Again, Mickelson was fighting himself on almost every question he answered. The haunting memories of Merion in 2013, of Winged Foot in 2006 and of Shinnecock in 2004 conspired to stop him from imagining the elusive grail in his hands on Sunday night.
"I prefer that he's lurking and coming from behind, 2 or 3 shots off the lead, so he doesn't have the pressure of holding the lead Saturday night," Mickelson's brother, Tim, a successful college player who's now the head coach at Arizona State, said Tuesday by phone. "He'll never go under the radar, but in that case the pressure would be off of him.
"I know when I played and had the lead, sometimes I'd think, 'What am I going to say after I win?' Or, 'What is the trophy going to look like?' I don't know if he's had those thoughts, but when you want something so badly, it's easy to get ahead of yourself, and in golf that's one of the worst things you can do."
Back in his news conference, Phil Mickelson was asked whether he's wanted the U.S. Open too badly and whether that explained his half dozen near misses.
"It's very possible that that's it," he said. "But I've also wanted the Masters and my first major awfully bad. I also wanted a British Open awfully bad. ... I think that this is a week that I've been looking forward to and it would mean a lot to me, but if I get ahead of myself, I won't have a chance."
Much as he did at Bethpage in 2009, when he nearly won in the wake of learning his wife, Amy, had cancer, Mickelson likely will use Pinehurst as something of an escape. He's being investigated as part of a federal insider-trading probe. (He's denied any wrongdoing.) It's another bad swing thought he didn't need.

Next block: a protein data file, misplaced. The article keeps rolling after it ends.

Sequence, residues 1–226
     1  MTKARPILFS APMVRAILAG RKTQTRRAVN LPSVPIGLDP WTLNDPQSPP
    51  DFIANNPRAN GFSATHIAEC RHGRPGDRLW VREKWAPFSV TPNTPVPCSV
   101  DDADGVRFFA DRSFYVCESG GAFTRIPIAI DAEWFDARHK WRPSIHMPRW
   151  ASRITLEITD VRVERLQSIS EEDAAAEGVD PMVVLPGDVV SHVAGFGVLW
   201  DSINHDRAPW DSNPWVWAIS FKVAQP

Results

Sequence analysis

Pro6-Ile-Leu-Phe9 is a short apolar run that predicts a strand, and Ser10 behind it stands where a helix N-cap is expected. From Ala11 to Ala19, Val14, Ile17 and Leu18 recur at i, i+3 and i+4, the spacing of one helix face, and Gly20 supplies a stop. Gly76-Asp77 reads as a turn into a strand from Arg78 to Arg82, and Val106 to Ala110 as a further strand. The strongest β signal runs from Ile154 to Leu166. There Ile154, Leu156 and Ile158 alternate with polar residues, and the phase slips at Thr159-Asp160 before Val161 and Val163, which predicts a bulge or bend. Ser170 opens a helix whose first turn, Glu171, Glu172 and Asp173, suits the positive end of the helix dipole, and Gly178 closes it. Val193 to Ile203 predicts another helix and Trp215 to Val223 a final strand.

"I think that as a golfer or an athlete, you have to be able to control your thoughts," Mickelson said. "And anything that's going on off the golf course, or on, you have to be able to refocus."
Added his brother, Tim: "I think Phil's in a pretty great frame of mind, without any negative thoughts in his head. ... He's always had a strong focus on the course, and he can make everything else wait four hours and then he'll address it."
Tim Mickelson said he believes his brother has another six, seven or eight opportunities to win a U.S. Open. They used to talk about the national championship a lot as kids, that and the Masters. They never dreamed much about the kind of breathless comeback Mickelson staged last summer at Muirfield in the Open Championship.
"I would've probably wagered my house or car that Phil would win a U.S. Open before a British," Tim said, "and I'm glad I did not do that."
Phil always comes back for more pain and misery; he's like an NFL cornerback that way. He's tough enough to put himself in position to get hurt at the Open again and again and again, and he deserves a lot of credit for that.
Just about everyone wants him to win here, including the people covering him. Journalists aren't allowed to root for teams or athletes, but they are allowed to root for the best story. Mickelson is the best available story on the board, and it isn't close.
So if he's in contention on the weekend, the Pinehurst crowd will be pulling as hard for him as the Belmont crowd was pulling for California Chrome. Will Mickelson end up confronting the same result? Will he finish his career as a latter-day Sam Snead? Will the U.S. Open be for him what the French Open was for Pete Sampras?